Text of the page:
This is the only REAL punk webpage on the 'net. All the other are just poseurs and freaks. Honest injun.
- Angelic Upstarts [official]
Anti-fascist Oi! band who made a lot of friends on their first US tour (on the east coast they bitched at Iron Cross because they "couldn't afford a fucking driver" or a tour bus, on the west coast they fucked with Youth Brigade and the other opening bands after BYO set up a HUGE show for them in LA, and no doubt they carried on in similiar fashion across the rest of the USA). Musically, they were solid punk rockers who released one great single (Liddle Towers), one great album (Two Million Voices), and a string of okay-ish 7"s and LPs. Very influential nowadays.
- Avengers [semi-official]
- Avengers - Penelope Houston [official]
The Avengers are often hailed as one of the finest (American) punk bands to come out of the 70's. For once, the critics are actually right. Influential San Francisco punks who seemed to spend more of their time in LA than SF...still, no one's perfect.
- Blaggers ITA [semi-official]
Militant anti-fascist Oi! band who weren't afraid to experiment musically. They did some dance/punk/rap crossover stuff that was pretty popular for a while. Like Rage Against the Machine, but for real.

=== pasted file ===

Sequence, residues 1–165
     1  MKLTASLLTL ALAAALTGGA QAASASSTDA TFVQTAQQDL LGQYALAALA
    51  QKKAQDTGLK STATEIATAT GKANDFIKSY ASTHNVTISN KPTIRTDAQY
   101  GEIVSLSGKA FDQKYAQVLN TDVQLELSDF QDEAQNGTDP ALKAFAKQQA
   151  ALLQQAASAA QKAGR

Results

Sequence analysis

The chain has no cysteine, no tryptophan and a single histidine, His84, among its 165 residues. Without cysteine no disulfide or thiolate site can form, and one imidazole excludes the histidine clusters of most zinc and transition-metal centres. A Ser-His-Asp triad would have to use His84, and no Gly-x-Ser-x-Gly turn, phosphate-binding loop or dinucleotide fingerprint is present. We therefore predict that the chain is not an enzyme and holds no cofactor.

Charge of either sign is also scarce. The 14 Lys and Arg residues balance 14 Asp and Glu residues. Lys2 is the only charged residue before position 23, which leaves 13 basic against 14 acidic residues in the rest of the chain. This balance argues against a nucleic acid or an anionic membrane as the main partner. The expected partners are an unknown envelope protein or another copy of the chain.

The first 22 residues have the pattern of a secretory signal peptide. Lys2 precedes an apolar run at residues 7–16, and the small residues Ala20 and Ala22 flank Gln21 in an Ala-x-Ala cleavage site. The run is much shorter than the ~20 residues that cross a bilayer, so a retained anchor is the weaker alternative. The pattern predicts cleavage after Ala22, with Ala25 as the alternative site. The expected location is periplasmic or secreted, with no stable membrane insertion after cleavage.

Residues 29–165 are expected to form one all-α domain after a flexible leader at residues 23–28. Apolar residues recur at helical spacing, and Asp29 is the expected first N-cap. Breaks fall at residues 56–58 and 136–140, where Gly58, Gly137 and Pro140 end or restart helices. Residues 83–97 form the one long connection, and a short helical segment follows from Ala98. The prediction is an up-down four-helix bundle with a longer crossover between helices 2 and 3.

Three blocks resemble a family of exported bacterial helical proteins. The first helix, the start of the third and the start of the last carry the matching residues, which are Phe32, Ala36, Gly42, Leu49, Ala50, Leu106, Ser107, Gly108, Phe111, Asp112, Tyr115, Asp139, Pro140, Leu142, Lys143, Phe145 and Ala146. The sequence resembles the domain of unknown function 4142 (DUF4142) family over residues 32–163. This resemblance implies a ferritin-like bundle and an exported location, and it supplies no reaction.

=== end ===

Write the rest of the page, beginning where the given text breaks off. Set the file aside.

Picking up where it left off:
- Bleach Boys [official]
Speedy, insane 77 punk. Tell 'em I sent you.
- Bunchofuckingoofs [official]
The band's name really says it all--a bike gang (that's bicycle, not motorcycle) turned humorous miltant straightedge drunk (don't ask) punk rocker dog-breeding vigilantes.
Whoah, I sounded like pushead for a minute there...
- Clash - London's Burning
The Clash. Period.
- Cock Sparrer [official]
More English Oi! boys, this time a genuine Small Faces influenced pre-punk band who happened to be included on the first two Oi! compilations by Gary Bushell. Check out their earliest (and best) recordings if you don't believe me.
- Crime [semi-official]
San Francisco's first and only rock n roll band. Need I say more?
- Die Kreuzen ['kin official]
weird, spastic, screaming, twisted hardcore from the midwest...
- Effigies [official]
The Effigies were one of Chicago's first (and best) punk bands. They played solid, solid, solid punk rock at a time when most bands were concerned with playing as fast as humanly possible.
- Hudson Falcons [official]
Rock and roll heroes of today. Left-wingers in a scene dominated by right-wing macho posturing and shaved heads.
- Husker Du
The started out as a generic thrash band, but soon slowed down and started writing songs with beginnings, middles and ends. Surely one of the most influential bands of the eighties.